by Jim Ferguson
One of the biggest wins I had at my Adventure weekend came from breaking through my resistance and fear when I was asked to show who I am, to stand my ground. And from that experience I learned something, a principle repeated so often over the weekend: "Trust the process, trust the process". In 12 staffings since my own weekend back in 1994 I have held tight to that mantra, and it has always proved infallible: "Trust the process, trust the process".
But now, the fear I felt on my Adventure weekend is accentuated 10 fold. There are men in this room – and there are women. I am being challenged to dig deep, to trust the process and to enter new territory. Now divorced 10 years, single and not involved in an intimate emotional relationship, it's almost three years since I held someone’s hand.
How did I end up in this situation?
The introduction to this workshop had come through an email on the MKP chat thread, six months previously. An invitation to explore intimacy in a mixed gender situation. Of course I immediately dismissed such a ludicrous thought. After all, I was a man. And, despite my fears, my shame and my guilt, up until my three-year voluntary celibacy I'd rarely been without a girlfriend or partner since my first “real” girlfriend at the age of 14.
For two and a half years I'd told myself I wasn't destined to be alone, I would find my soul mate. That the “break” I was experiencing was a healthy one, consciously chosen after one more rejection when my latest “life partner” had walked away in very traumatic circumstances. I believed rushing into another relationship would simply be trying to “fix my feelings” rather than understand them.
So I told myself that a six-month "break" would give me the chance to overcome this pattern of trying to medicate my loneliness and lack of self-esteem by enmeshing with a partner who would take responsibility for ensuring I was seen as wonderful, heroic and trustworthy - except it never happened that way.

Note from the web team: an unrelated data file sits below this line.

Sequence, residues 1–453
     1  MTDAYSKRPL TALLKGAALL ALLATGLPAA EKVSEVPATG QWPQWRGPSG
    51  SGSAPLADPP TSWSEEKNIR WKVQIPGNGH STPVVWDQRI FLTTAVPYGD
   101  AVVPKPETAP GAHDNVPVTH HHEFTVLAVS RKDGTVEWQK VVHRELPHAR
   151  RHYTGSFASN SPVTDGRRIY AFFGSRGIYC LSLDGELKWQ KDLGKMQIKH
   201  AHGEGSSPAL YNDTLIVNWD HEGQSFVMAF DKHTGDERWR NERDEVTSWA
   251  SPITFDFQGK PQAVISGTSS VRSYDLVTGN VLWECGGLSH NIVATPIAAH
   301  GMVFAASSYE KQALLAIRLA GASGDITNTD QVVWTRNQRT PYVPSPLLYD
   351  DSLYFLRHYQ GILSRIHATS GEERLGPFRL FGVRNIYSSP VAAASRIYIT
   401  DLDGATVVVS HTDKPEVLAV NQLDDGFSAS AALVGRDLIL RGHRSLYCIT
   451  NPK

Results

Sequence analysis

Six months became 12, 12 became 18, and then, two years down the line, I was a lot clearer who I was and why past mistakes had happened, but there was no-one to share this new found enlightenment with. Of course I had sexual needs, and as a healthy heterosexual man they had to be taken into account: the easiest way was to visit porn sites as a way of relieving my frustration. I didn’t want to admit it, but this had become a habit. Why not, I reasoned? After all, everyone does it. Very few men talk about it as problem, but for me it was not only a way to relieve natural tension; it was also a way of relieving uncomfortable feelings, resentments, fears and sadness. All these feelings, I found, could be masked by a period of self-indulgence in front of the PC screen.
The fact of the matter was while I remained outside a relationship, the only connection I had with women was on a computer or television screen. Ironic really: I'd taken a stand in a bid to stop damaging my own peace of mind and hurting women, and here I was using porn. My voluntary break was supposed to leave room for a healthy, equal partnership based on honesty, trust, commitment and shared interests. Instead, I discovered that when I put old manipulating and seducing behaviours behind me, I actually had no tools, no concept of how to go about initiating and forming such a relationship.
I had plenty of friends who were women, and I had easy-going, enjoyable relationships with female colleagues, but when it came to moving things up a gear, I froze, I shut down. This was like being in a place where everyone seemed to speak a language that might as well have been Greek to me.
Another uncomfortable fact dawning on me was that although "doing porn" is "normal", in seeking to initiate a new "me" (one motivated by respect and genuine love) I was in fact supporting an industry that is heavily dependent on the exploitation of vulnerable people.
Also growing within me was the unavoidable truth that just as I'd needed help and support in overcoming my addictions, and help and support in forming healthy relationships with other men, so this latest quest would only find success as a collaborative venture. I needed to ask for help. I wasn’t able to do this on my own.